Above all, the entire immersive experience is very, very lovesexy. The attention Prince lavished on his many lubricious costumes is revealing: so many apparently plush brocade garments are woven on light see-through black mesh that reveal the sinewy muscles of his tiny but taut 5ft frame within.

Prince the dandy also took any opportunity to shed his garments and flash his intimate zones, including his bare buttocks in orgiastic videos such as Gett Off, shot amid scantily clad girls and boys (“23 positions in a one-night stand”) at the 1991 MTV awards. Indeed one of the exhibition’s biggest draws is the video for Thieves in the Temple, from the 1990 Graffiti Bridge album, in which cutaway jeans reveal his bum and thighs and bouncing crotch capped with a glittering gold lamé jockstrap, in some of the most frenetic team dancing ever in high heels. The choreography is shamelessly horny.

The sheer range of Prince’s musical gifts during a 40-year career is well recognised – 70 albums, 2,000? songs, an Oscar, a Golden Globe, eight Grammies, 100 million records sold, and a ranking at No 28 among Rolling Stone’s 100 Greatest Artists of All Time. But to assemble in a three-dimensional venue 200 tangible examples of his workaholic creativity as an all-round showman results in an affectionate multi-media tribute. For us to devour the close-up detail in his guitars, his hand-written notes and drawings, and his jewelled accessories becomes a truly moving privilege. And for a fan, the power of his achievements is reaffirmed as you bask in his subversive glow.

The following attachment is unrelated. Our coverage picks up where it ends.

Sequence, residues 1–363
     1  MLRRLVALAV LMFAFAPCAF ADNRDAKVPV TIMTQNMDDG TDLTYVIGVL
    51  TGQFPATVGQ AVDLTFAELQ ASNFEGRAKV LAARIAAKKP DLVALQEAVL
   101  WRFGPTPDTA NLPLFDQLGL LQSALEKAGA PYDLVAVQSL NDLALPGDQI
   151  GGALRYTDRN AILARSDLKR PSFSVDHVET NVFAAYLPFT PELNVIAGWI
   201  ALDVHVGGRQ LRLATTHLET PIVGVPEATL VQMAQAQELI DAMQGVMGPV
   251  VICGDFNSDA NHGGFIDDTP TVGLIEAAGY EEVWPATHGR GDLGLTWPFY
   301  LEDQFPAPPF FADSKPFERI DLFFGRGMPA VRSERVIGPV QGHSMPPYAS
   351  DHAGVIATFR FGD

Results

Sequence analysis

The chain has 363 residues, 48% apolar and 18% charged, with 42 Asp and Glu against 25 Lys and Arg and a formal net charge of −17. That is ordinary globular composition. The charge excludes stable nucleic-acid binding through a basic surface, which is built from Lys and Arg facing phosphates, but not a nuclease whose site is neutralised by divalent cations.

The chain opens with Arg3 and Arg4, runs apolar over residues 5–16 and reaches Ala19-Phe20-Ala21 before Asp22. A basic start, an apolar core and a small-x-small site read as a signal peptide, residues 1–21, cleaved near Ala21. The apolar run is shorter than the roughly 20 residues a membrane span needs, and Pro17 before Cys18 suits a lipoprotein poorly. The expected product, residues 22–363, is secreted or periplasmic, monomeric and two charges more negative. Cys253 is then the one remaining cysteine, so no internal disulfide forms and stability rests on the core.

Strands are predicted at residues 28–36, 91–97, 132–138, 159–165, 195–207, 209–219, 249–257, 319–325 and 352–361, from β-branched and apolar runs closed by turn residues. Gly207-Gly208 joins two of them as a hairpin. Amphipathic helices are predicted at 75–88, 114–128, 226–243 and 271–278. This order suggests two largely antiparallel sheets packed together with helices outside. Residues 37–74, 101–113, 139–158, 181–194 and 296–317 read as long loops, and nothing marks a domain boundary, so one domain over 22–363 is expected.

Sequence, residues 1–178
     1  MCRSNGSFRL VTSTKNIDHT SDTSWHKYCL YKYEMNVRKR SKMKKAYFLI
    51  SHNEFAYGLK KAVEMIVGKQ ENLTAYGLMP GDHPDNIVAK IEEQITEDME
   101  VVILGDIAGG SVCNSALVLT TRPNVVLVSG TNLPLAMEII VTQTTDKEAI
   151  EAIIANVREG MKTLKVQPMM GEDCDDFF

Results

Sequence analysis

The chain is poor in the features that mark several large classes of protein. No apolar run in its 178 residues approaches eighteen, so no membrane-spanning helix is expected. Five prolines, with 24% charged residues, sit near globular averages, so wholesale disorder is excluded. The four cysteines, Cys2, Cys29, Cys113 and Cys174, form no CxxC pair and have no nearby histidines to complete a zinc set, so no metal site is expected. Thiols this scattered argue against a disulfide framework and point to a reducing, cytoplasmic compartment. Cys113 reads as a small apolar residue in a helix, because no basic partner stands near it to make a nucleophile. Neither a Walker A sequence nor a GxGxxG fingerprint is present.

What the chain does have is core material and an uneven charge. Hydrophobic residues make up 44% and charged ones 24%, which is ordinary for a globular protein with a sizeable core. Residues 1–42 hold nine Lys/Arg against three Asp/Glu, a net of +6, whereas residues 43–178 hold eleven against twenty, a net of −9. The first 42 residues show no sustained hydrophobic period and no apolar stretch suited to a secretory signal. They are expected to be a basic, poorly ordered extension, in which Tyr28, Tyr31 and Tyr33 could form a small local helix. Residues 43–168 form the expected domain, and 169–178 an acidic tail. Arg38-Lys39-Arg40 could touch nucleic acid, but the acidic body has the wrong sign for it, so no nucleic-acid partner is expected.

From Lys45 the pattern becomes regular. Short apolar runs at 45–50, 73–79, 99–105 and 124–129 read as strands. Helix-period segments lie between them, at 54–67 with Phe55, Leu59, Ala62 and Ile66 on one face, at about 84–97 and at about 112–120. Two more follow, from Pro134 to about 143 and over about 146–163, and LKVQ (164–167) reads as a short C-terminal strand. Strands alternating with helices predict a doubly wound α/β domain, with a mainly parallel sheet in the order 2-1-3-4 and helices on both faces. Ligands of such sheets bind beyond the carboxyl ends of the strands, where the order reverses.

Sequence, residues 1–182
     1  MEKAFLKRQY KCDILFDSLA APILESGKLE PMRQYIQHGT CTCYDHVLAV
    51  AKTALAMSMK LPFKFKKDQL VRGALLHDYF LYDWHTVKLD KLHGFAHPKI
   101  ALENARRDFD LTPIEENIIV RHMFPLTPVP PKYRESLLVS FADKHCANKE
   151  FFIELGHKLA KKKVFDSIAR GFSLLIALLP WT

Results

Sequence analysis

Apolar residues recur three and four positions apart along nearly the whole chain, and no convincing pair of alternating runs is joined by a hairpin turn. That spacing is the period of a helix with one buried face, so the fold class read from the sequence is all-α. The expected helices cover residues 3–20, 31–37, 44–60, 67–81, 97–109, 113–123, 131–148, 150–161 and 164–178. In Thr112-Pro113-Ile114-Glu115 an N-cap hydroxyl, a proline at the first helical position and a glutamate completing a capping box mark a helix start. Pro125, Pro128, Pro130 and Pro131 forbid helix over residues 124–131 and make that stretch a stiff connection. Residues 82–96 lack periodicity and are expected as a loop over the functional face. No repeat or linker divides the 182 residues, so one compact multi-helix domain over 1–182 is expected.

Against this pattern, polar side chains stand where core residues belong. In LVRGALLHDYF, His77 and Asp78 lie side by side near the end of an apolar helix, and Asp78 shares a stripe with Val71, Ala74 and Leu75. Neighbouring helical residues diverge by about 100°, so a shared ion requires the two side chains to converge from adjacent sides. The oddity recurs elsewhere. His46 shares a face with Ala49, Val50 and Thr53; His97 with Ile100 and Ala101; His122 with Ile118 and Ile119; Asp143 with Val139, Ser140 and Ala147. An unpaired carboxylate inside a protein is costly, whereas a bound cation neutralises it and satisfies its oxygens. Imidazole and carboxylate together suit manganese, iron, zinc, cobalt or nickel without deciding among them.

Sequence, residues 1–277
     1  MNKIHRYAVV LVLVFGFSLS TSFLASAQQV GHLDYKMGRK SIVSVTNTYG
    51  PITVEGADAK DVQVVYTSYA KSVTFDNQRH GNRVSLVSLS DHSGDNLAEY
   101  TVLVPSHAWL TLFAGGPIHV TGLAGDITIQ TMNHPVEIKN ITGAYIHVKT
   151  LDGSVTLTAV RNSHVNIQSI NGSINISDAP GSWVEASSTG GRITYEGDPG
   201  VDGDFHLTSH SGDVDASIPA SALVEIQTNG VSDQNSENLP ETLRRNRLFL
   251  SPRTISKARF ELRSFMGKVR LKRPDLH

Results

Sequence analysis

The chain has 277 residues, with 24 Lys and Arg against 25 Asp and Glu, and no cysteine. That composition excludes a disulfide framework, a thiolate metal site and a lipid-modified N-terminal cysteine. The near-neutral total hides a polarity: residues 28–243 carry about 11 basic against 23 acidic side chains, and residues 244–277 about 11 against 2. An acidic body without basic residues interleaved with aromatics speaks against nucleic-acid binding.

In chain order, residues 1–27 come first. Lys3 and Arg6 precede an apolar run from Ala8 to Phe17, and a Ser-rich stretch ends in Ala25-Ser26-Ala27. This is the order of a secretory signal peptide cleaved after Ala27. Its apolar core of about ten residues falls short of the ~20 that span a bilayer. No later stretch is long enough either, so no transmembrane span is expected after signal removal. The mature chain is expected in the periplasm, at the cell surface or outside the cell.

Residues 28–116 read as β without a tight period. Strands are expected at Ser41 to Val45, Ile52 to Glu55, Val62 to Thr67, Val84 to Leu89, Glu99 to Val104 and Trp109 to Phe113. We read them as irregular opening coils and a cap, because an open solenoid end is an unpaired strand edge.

➢ The official exhibition My Name Is Prince runs from October 27 until January 7, 2018 at London’s O2

Prince Rogers Nelson, exhibition, The O2, London, music videos, My Name Is Prince, pop music,costumes, guitars

Prince exhibition: stage costumes from his Purple Rain tour (Getty)

Prince Rogers Nelson, exhibition, The O2, London, music videos, My Name Is Prince, pop music,costumes, guitars

Prince exhibition: bass guitar that inspired his trademark Cloud and diamond-studded cane from 2015

PRINCE’S PURPLE REIGN STILL EXERTS
ITS PULLING POWER

London’s Eighties pop star Andy Polaris visits the Prince exhibition to assess the enduring impact of the black performer who in his day challenged the norms of sexuality and race. . .

➢ Visit Andy’s own website Apolarisview for his full review
– here’s a brief taster:

The first time Prince triggered my radar was a review in the music press of his concert at the Lyceum in London 1981, part of his Dirty Mind tour. He was featured in the accompanying review wearing a trench coat covering a lithe brown body and wearing black briefs and leggings, topped by his mop of black hair and pretty face. I was miffed to have missed his only show but before the internet niche events could slip by easily without social media to flag them up.

It was obvious from the start that this was a black artist who, despite the flamboyance of disco/funk stage-wear and album covers, was taking it a little bit extra with some sexual ambiguity. The lyrics of the funky album track Controversy (a bass-driven early dance-floor favourite) set the tone:

I just can’t believe all the things people say
Controversy
Am I black or white? Am I straight or gay?
Controversy

I was fascinated to see the parade of Prince’s petite outfits complete with matching coloured heeled boots that covered Purple Rain, his purple metallic frock coat through to a crystal-encrusted cane and Balmain waistcoat he wore for W magazine. The materials are colourful, sheer and shimmering and in some cases boldly designed. He wasn’t interested in the toxic masculinity that permeates so many black artistes, one of the reasons he flew the freak flag for those who were not interested in paying £50 to see artists dressed in denim and T-shirts. . . / Continued at Andy’s own website


➢ Previously at Shapersofthe80s – Prince RIP: ‘A funny cat’ and ‘sole authentic genius’ of the 1980s